Tuesday, September 16, 2014

Mastering the Art of Soviet Cooking - Anya Von Bremzen

Mastering the Art of Soviet Cooking:
A Memoir of Food and Longing
It's no secret that I love books about food. 

I feel like in the past few years, I have also developed a love for memoirs. Granted, most of the memoirs I read center around food, but still. I am coming to appreciate them in a way I never did before. Perhaps it's growing older and having a stronger appreciation for the stories of those who have gone before me. I'm not sure. I just know I've been loving non-fiction narrative lately, particularly when told by the person who actually lived those events.

Russian history is another thing, though. For all my love of European history, and it's a bit obsessive at times, I have never latched onto the Russian story. My AP European History teacher in high school loved all things Russian and even tried to teach us the Cyclic alphabet on one slow day in class. And, yet, the only bits of their story I've really gravitated toward are their female royals (Catherine the Great, the Romanov daughters); and that has nothing to do with them being Russian and everything to do with the fact that I love royal history

All that to say, I came across this food memoir on a list of them a while back. Initially, I would have passed over it. Russian history and Russian food - neither appeals to me much. Yet, something stopped me. Perhaps it was Anya Von Bremzen's clever title, an obvious ode to the great Julia Child. 

I went in a little blind. I did not know what to expect. I've come to familiar terms with Provencal French stories of food: cozy countrysides, local ingredients, decadent yet homey flavors. Russian food? I knew nothing.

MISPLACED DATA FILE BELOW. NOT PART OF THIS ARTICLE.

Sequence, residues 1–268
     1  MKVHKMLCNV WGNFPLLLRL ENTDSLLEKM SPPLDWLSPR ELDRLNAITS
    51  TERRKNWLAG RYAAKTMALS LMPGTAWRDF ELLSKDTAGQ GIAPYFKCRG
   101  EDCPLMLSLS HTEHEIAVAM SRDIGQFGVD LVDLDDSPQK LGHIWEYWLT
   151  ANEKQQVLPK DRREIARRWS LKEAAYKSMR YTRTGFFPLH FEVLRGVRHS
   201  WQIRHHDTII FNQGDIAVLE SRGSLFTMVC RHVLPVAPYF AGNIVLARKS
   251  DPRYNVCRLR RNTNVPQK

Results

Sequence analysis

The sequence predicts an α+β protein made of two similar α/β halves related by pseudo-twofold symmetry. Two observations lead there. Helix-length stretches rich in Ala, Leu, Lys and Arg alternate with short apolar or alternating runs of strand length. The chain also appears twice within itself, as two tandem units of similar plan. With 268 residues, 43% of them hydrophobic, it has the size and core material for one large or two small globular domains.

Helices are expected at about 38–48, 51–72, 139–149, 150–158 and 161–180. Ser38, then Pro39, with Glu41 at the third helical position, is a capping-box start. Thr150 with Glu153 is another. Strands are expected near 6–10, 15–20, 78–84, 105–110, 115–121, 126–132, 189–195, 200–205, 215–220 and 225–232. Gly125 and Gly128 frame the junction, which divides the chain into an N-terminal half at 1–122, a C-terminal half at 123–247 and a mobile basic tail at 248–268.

"Inevitably, a story about Soviet food is a chronicle of longing, of unrequited desire. So what happens when some of your most intense culinary memories involve foods you hadn't actually tasted?"

Von Bremzen caught my attention with that line. Her book focuses specifically on Soviet food and what Russians ate during that near century of Communist rule. Each chapter represents a decade. She gives history, specifically of her family and herself, and supplements the story with food. As with many of these memoirs and life itself, food is integrally intertwined into the human experience. 

The author argues that food is even more central for Russians. Von Bremzen compares food for 19th-century Russian writers to war for the Germans, love for the French, and landscape and class for the English - all cultural subjects "encompassing the great themes of comedy, tragedy, ecstasy, and doom." Especially during their years of famine and rationing, food was an important part of the Soviet story. 

Van Bremzen came to the United States with her mother in the 1970s, escaping Soviet life forever. Her position as an émigré gives her a unique ability to look back at her homeland with more clarity than others. She has nostalgia and realism both influencing her perspective, giving her a fairly balanced look at life in the USSR and, even, modern day Russia as well.

I enjoyed Van Bremzen's story more than I expected. I appreciate having a more complete view of Soviet history now, particularly from someone whose family experienced it first hand. Von Bremzen is a good writer and makes even the heavy historical sections enjoyable. 

The only downside? I am still convinced that Russian food is not for me. 

Pages: 339
Date Completed: September 9, 2014


  1. Sounds fascinating -- I'm not always a huge memoir reader, but I do love food and cooking. As my wife adores Russian food, this might be one for her, too.

    1. If she likes Russian food, she should definitely read this! I think I would have enjoyed it much more than I already did if I had an appreciation for their cuisine.